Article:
It is abundantly clear that there was no impediment to arbitration that was beyond the control of Cumberland itself. In its letter of March 11, 2009, the ICDR clearly informed the parties that if Selzer did not pay the disputed second installment of $3,000, then Cumberland should do so. Similarly, in its e-mail of April 15, 2009, to Cumberland's counsel, the ICDR suggested that respondents in arbitration proceedings sometimes balked at paying their share of the filing fee, but that, in such cases, it was common for the party seeking arbitration to pay the disputed portion and to seek to recoup it as part of the recovery. Finally, the ICDR's letter to the parties on April 15, 2009, makes clear the fact that it was Cumberland that "no longer wish[ed] to pursue [the] matter" in
The right to arbitration would be all but illusory if the process turned on the unqualified cooperation of both parties from the outset. Indeed, threshold procedural questions such as the one here involved are for the arbitrator to resolve. "`Procedural arbitrability' . . . involves questions that grow out of the dispute and bear on its final disposition, e.g., defenses such as notice, laches, estoppel, and other similar compliance defenses; such questions are for an arbitrator to decide." Brasfield & Gorrie, L.L.C. v. Soho Partners, L.L.C., 35 So.3d 601, 604 (Ala.2009). "`"[I]n the absence of an agreement to the contrary, issues of . . . procedural arbitrability, i.e., whether prerequisites such as time limits, notice, laches, estoppel, and other conditions precedent to an obligation to arbitrate have been met are for the arbitrators to decide."'" Id. at 606 (quoting Howsam v. Dean Witter Reynolds, Inc., 537 U.S. 79, 85, 123 S.Ct. 588, 164 L.Ed.2d 491 (2002), quoting in turn Revised Uniform Arbitration Act of 2002, § 6, comment 2, 7 U.L.A. 13 (Supp.2002)(emphasis omitted)).
According to Selzer:
Reply brief, at 7-8. We agree. The mere abandonment of its claim before the ICDR does not afford Cumberland a basis upon which to claim that the arbitral forum is now not available to Selzer.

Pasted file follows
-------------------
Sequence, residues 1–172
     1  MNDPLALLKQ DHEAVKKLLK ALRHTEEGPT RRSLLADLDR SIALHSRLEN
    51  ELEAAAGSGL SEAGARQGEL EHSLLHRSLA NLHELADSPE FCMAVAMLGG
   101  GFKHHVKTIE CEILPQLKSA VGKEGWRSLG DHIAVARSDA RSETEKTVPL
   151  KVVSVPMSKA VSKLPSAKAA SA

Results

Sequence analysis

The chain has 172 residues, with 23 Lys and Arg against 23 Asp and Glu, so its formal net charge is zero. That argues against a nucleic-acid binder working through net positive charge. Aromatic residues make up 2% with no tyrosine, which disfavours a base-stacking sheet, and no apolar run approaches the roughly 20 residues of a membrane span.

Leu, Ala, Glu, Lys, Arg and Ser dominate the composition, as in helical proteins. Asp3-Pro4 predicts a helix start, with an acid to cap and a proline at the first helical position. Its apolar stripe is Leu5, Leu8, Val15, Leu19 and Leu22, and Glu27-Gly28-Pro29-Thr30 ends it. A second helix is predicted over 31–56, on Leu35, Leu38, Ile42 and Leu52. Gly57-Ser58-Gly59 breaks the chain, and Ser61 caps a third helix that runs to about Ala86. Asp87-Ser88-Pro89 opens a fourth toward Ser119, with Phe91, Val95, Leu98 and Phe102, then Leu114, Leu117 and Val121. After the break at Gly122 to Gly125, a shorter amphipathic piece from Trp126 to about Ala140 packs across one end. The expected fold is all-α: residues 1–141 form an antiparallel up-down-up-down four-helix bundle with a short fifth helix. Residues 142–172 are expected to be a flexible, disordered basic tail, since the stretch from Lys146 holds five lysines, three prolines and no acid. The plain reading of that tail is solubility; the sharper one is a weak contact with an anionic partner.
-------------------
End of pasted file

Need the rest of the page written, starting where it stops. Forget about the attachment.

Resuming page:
We are likewise unpersuaded that Selzer is judicially estopped to compel arbitration of this dispute. "The doctrine of judicial estoppel exists to `"protect the integrity of the judicial system, not the litigants."'" Hughes v. Mitchell Co., 49 So.3d 192, 203 (Ala.2010) (quoting Ex parte First Alabama Bank, 883 So.2d 1236, 1243 (Ala.2003), quoting in turn Burnes v. Pemco Aeroplex, Inc., 291 F.3d 1282, 1286 (11th Cir.2002) (emphasis added)). Application of the doctrine of judicial estoppel is triggered when there is (1) a prior judicial or quasi-judicial proceeding, Singley v. Bentley, 782 So.2d 799, 803 (Ala. Civ.App.2000), (2) in which a party successfully asserted a position that is (3) contrary to the position asserted by that party in a later proceeding, and in which (4) the party would "`derive an unfair advantage or impose an unfair detriment on the opposing party if not estopped.'" Ex parte First Alabama Bank, 883 So.2d 1236, 1245 (Ala.2003) (quoting New Hampshire v. Maine, 532 U.S. 742, 751, 121 S.Ct. 1808, 149 L.Ed.2d 968 (2001)).
Selzer argues that "there has been no prior judicial proceeding" or, in fact, any "prior proceeding of any kind. As made clear by the ICDR, the arbitration proceeding was never properly initiated. There is simply no application of the doctrine of judicial estoppel in this case." Selzer's brief, at 17 (emphasis added). We agree. The doctrine of judicial estoppel does not preclude an order compelling arbitration of Cumberland's claims.
For the foregoing reasons, the trial court erred in denying Selzer's motion to
REVERSED AND REMANDED.
COBB, C.J., and SMITH, PARKER, and SHAW, JJ., concur.